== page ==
The Competitive Dynamics of Entrepreneurial Market Entry
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The Competitive Dynamics of Entrepreneurial Market Entry

Edited by Gideon D. Markman and Phillip H. Phan

Research on general market entry usually focuses on large enterprises. Often, however, small entrants can alter the competitive dynamics of an industry. This volume brings together the most prominent thought leaders and the best research on the asymmetric entrant-incumbent dynamics. The ideas presented offer a more nuanced perspective on how, when, where and with what consequences small, single-product firms enter markets that are dominated by large, multiproduct and multimarket incumbents.
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Chapter 8: Commentary on ‘Corporate Ventures into Industrial Markets’

Phillip H. Phan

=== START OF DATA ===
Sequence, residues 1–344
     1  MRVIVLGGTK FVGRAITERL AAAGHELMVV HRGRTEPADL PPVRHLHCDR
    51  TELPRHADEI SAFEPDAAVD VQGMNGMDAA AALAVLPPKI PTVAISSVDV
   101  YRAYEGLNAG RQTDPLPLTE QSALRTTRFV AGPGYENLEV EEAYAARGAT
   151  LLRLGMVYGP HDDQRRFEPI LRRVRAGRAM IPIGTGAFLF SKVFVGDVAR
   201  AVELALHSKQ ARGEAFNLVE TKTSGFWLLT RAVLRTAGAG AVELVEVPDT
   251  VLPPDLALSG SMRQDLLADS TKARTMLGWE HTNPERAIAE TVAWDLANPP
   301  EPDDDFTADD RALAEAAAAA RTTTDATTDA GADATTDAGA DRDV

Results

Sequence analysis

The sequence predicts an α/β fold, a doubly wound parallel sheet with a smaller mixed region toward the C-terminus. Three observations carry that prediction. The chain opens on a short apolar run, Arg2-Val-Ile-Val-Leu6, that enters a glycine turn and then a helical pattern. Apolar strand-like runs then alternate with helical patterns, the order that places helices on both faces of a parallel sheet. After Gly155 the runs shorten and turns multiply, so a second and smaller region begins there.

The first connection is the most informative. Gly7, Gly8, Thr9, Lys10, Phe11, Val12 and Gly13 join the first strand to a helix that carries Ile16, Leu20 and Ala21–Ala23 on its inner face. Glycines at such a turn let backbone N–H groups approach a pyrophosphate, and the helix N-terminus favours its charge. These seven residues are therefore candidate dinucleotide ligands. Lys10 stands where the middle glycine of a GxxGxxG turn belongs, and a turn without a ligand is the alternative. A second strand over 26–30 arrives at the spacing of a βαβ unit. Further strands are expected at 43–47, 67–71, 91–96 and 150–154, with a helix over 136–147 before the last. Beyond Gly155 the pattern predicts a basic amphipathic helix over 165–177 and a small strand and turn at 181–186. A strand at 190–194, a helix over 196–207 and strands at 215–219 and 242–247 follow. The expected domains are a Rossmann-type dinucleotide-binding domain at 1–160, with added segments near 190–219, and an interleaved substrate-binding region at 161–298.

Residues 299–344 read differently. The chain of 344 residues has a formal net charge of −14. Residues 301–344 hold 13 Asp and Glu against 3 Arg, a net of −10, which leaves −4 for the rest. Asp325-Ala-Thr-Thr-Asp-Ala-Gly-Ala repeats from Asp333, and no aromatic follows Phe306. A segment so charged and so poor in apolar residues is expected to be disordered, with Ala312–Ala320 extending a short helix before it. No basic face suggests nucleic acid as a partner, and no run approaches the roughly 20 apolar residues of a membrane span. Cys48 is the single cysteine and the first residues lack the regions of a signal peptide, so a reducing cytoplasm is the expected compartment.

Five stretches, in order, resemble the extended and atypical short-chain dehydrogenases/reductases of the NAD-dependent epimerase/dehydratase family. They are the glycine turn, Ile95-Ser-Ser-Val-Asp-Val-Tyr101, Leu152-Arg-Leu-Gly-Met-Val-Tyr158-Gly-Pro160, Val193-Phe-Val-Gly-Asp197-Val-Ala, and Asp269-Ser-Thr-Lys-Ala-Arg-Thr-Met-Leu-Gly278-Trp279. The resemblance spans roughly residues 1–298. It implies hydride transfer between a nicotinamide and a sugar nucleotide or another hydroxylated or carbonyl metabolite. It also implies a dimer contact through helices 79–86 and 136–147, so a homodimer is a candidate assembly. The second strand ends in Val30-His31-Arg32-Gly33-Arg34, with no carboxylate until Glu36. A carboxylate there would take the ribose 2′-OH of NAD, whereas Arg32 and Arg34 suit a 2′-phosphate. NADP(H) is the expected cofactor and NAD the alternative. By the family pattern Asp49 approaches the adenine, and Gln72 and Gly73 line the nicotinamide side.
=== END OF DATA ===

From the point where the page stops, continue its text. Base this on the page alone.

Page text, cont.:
8. Commentary on “Corporate ventures into industrial markets” Phillip H. Phan Market entry decisions have been the mainstay of the marketing and strategy literatures for at least three decades. In economics, rational choice approaches have been articulated in prior game-theoretic models of entry decisions. However, those models have generally focused on the anticipation of an incumbent’s reaction to entry and the resulting (backwardinduced) entrant decision. More sophisticated models have examined the aggressiveness (scale and scope) of entry to suggest variations that entrants might use to attenuate incumbent reaction. Judo strategy, for example, suggest that entrants facing large incumbents use a “weak” entry strategy to mitigate the risk of retaliation or that entrants exploit blind spots in incumbent competitive positions such as market niches that incumbents cannot serve because of structural inefficiencies or strategic lock-in. For parsimony, these models generally ignore the market conditions at entry or assume incumbent reaction is based on the cost/benefit trade-off, which is given by its opportunity cost, itself a general function of the market environment. The paper in this chapter introduced the notion to the entrepreneurship literature that corporate entrepreneurs anticipate the industry conditions they are likely to face and then condition their entry strategies to exploit those conditions. Instead of simply being concerned about incumbent retaliation, the authors embedded the consideration for the market conditions (high or low growth) in the entry decision. They posit a “selffulfilling prophesy” (Biggadike 1979) model, in which entrepreneurs that perceive high-growth opportunities choose to aggressively enter by setting...

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